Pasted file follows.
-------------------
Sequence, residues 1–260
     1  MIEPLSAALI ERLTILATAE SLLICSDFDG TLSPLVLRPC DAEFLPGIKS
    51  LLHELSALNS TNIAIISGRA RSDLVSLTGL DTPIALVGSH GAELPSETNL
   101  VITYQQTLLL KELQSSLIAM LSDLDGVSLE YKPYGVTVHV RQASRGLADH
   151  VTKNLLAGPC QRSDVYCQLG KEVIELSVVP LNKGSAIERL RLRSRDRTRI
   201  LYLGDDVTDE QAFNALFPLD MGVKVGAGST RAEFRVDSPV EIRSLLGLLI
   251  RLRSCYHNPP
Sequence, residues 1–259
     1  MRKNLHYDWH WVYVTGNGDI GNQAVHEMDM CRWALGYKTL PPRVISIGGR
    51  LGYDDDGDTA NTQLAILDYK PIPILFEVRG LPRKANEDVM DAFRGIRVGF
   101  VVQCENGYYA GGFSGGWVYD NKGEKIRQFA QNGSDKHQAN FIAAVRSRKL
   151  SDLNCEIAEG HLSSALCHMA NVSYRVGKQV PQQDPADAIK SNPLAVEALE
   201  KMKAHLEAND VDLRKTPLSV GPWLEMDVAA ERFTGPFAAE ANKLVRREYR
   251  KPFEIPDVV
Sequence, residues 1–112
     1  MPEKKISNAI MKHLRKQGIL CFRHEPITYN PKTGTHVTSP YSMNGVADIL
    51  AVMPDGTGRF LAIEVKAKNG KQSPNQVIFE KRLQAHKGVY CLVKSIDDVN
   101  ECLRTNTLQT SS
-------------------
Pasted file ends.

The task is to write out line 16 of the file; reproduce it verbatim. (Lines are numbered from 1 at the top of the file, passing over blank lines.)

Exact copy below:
     1  MPEKKISNAI MKHLRKQGIL CFRHEPITYN PKTGTHVTSP YSMNGVADIL